Today’s Daily Create went along with a multimedia piece I read today put out by the New York Times called Snowfall. What’s amazing about this story is twofold. First is how it’s told. The format is set up like an elegant website, embedded with images, video and actual audio from the 911 calls. There is even an augmented animation. It’s great digital storytelling and the media garnered critical acclaim, including winning the 2013 Pulitzer Prize for Feature Writing.
Second is, of course, the story itself (for who cares how pretty something is if it isn’t well-told). It’s about how 16 expert skiers and snowboarders made a fateful back-country run down Stevens Pass on February 19, 2012. The day started out as a fun event and by noon turned to tragedy due to a devastating avalanche that killed three of the world’s top skiers. What immediately pulled me into the piece was how well-written it was. Here is the opening line:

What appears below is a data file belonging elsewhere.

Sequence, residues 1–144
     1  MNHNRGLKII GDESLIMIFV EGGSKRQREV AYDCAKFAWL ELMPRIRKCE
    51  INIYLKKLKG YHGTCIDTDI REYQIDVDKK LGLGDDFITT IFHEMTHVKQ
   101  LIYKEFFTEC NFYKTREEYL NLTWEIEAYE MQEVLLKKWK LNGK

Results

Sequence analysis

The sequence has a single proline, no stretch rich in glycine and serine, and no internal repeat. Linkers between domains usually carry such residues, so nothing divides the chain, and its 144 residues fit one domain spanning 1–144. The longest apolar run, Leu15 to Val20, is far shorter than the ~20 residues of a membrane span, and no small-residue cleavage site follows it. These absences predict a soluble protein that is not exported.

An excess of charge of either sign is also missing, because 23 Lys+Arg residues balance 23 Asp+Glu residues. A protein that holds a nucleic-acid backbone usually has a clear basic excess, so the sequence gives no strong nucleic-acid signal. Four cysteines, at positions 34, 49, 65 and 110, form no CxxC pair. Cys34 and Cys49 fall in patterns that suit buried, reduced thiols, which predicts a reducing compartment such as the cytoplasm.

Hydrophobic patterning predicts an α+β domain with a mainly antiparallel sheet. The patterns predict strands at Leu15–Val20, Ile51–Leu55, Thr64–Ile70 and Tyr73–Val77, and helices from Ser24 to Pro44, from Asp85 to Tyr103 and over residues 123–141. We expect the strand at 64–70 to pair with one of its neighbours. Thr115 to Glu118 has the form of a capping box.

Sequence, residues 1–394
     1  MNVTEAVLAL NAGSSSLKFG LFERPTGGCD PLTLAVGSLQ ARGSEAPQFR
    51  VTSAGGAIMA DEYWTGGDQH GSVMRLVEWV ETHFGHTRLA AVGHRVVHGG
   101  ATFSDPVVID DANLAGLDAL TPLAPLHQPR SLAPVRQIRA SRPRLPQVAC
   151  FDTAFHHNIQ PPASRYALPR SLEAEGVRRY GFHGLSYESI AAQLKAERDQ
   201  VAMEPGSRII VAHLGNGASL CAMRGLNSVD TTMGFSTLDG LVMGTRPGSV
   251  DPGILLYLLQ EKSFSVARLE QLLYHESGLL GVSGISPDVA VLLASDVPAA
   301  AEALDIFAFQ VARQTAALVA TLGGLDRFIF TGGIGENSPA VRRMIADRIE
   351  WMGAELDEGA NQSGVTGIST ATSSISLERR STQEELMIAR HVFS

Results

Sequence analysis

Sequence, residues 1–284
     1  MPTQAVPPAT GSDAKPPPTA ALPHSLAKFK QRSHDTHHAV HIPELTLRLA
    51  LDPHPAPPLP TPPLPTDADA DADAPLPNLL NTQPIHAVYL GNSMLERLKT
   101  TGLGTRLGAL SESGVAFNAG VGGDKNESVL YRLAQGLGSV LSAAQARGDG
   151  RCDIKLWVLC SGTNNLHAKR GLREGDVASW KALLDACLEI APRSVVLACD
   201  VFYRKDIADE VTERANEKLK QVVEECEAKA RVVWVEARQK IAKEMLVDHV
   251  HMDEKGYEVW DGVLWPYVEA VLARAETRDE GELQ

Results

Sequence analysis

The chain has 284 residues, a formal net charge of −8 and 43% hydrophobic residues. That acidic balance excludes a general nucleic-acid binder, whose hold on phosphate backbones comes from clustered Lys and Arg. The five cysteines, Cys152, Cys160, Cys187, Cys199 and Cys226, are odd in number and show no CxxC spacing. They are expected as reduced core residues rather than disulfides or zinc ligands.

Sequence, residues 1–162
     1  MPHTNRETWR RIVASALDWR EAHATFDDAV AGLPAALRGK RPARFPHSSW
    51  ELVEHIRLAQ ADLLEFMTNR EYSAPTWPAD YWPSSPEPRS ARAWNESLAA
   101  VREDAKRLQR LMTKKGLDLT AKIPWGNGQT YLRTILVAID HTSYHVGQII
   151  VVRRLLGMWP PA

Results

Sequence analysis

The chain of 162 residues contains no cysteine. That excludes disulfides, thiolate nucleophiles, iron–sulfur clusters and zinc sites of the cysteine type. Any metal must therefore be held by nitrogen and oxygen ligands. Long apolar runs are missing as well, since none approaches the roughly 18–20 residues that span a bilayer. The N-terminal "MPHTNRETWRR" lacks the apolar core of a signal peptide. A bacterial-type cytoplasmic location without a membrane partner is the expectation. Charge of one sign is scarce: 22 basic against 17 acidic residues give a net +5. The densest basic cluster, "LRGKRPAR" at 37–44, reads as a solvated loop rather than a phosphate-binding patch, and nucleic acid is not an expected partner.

The snow burst through the trees with no warning but a last-second whoosh of sound, a two-story wall of white and Chris Rudolph’s piercing cry: “Avalanche! Elyse!”
It was gripping. I shed some tears as the narrator described in detail how one skier had been trampled so badly by 11 million pounds of snow that his arm was like “pulling a wet towel . . . there was nothing connected to anything. It was completely crushed.”
11 million pounds of snow! I can’t even wrap my brain around that. That’s like getting slammed with 5,500 cars all at once.
I live in Colorado. I love the mountains. I feel safe here. It’s beautiful. But I can’t say I ever really understood the awesome power of these mountains.
And I never want to.